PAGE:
La Casa del Cazu Marzu

Joseph Geagan and Jessi Reaves
September 19 - October 19, 2014
Opening reception: Friday, September 19, 6-8 pm

New York - 138 Eldridge Street



3 June 19__

Liscia di Vacca, Sardegna

At dawn, I woke with a start. For a brief moment I had no recollection of where on earth I was. As I gripped to the edge of a strange little bed and looked around at the monastic room I found myself in, pieces began to come back to me. I’d hitched a ride on Freddy and Sylvia’s boat the night before to Sardegna, “the Beach of Cows” as it translated from the local dialect, and I’d had one too many glasses of grappa on the ride. I’d let a small casa near the bay, and was planning on spending the ensuing week bathing in the sun and in Sardegna’s famously soft salty water.

After I’d beaten my morning stupor with a bit of espresso found in the cupboard, I stepped out onto my little porch. I could see the glimmering of the bay through the bramble patches that bordered the small dirt path leading down to the little beach. Two older women were making their way up the path towards me. To my astonishment I saw they were both wearing high heels. As they came near I yodeled out a friendly “Buongiorno!” They stopped dead in their path, gave each other a knowing and prolonged look, and then to me the one in the sparkling stilettos returned “Buongiorno Signore!” One of the women, clearly sisters, came up to the edge of my porch, looked me dead in the eye and said with a charming Italian accent, “You must come for lunch, handsome young men are a very rare these days,” the “r” in rare rolling off her tongue. She told me they lived just a kilometer up the trail and that there would be a little gate with a sign reading “La Casa del Casu Marzu.”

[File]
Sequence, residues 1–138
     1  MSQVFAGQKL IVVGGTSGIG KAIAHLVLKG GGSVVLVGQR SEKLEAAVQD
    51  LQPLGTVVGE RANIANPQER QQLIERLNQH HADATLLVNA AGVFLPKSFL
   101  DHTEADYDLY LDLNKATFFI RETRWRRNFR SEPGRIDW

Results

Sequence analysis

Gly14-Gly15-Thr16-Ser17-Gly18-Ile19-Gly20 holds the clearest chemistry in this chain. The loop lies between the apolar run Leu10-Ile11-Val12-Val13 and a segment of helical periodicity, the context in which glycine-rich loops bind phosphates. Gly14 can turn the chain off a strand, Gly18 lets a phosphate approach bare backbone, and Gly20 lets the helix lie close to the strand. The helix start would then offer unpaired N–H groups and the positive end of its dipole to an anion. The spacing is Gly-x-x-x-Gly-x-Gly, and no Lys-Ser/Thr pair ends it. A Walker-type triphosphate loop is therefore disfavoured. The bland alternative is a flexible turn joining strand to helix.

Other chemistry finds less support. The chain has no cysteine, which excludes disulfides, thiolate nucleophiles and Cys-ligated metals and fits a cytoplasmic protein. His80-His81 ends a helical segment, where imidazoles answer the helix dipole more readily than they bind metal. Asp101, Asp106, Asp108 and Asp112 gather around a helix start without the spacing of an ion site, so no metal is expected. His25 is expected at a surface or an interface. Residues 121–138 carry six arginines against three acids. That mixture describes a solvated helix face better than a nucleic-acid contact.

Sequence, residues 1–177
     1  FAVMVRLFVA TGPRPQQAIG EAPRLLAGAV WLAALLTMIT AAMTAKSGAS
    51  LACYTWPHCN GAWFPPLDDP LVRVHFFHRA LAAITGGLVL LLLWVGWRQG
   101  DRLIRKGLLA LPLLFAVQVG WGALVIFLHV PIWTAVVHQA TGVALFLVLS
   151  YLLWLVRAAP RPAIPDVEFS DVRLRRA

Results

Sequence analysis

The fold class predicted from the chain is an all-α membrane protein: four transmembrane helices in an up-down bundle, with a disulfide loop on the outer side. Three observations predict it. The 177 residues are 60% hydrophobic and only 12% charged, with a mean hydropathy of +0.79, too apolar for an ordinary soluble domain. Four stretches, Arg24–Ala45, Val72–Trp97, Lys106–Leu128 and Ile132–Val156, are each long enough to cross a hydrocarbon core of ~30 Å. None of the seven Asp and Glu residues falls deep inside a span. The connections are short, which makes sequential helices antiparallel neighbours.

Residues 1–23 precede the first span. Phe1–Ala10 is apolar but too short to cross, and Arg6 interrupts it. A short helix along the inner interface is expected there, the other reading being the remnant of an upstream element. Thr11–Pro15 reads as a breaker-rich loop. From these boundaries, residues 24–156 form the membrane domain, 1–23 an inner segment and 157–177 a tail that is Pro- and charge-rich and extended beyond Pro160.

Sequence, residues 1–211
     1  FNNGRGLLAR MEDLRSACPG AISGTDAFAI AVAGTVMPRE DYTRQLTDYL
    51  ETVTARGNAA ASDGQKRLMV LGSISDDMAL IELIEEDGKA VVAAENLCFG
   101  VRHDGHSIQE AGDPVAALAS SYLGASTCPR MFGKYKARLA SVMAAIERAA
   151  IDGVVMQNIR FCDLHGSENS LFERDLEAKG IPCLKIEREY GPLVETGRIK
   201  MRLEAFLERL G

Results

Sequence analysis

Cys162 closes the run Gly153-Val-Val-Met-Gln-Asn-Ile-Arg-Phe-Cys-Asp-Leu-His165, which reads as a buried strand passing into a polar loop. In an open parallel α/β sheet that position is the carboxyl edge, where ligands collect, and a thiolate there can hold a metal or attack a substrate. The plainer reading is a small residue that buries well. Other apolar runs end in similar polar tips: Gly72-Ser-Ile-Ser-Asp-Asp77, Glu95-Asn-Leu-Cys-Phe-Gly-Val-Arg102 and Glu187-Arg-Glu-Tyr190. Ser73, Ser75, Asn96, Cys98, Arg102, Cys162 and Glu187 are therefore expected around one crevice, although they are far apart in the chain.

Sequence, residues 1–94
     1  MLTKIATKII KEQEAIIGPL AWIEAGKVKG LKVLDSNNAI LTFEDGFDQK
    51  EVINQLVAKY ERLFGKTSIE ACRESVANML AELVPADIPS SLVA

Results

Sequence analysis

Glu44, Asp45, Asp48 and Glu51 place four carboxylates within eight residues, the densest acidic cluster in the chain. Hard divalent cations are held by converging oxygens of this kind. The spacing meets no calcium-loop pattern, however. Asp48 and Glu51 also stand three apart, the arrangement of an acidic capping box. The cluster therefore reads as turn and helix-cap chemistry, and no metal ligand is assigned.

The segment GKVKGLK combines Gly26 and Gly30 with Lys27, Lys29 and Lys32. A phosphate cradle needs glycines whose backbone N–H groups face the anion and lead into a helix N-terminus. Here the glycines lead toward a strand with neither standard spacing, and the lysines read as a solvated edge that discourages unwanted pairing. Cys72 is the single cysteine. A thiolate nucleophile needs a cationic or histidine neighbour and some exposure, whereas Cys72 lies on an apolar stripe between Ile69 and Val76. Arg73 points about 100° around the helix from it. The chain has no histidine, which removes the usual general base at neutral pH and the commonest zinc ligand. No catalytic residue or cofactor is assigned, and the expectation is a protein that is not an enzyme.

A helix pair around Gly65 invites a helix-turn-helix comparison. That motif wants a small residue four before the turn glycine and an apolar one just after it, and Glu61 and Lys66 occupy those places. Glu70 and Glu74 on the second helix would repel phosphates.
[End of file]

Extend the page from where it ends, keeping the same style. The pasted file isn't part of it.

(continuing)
I arrived at La Casa del Casu Marzu just past noon, my stomach rumbling with anticipation. At the door of the house stood the two aging sisters and, not having done so earlier, we introduced ourselves. The ladies, Simonetta and Anna Cristina Lagrima told me they’d lived in this house most of their lives. Upon entering the Casa, my breath was taken away as every surface, wall and floor was covered in objets d’art: paintings, drawings, sculpture, furniture and bibelots of every sort. As I sat and sipped my wine the sisters regaled me with the stories of their travels and adventures they’d accumulated while acquiring these works that filled their lives. My eye drifted from piece to piece, the swirl of colors and forms seemed to melt and mold together. My stomach started up suddenly with a giant rumble, which sent Simonetta immediately off into another room, returning with a giant round of cheese and some bread. “This,” she whispered in my ear as she set it on the table, “is a specialità of the region.” I noticed small white forms jumping off the oozing yellow mass, and my eyes met Anna Cristina’s with alarm, which sent them both into a fit of laughter. “It’s Casu marzu, the flies are what make it divine.”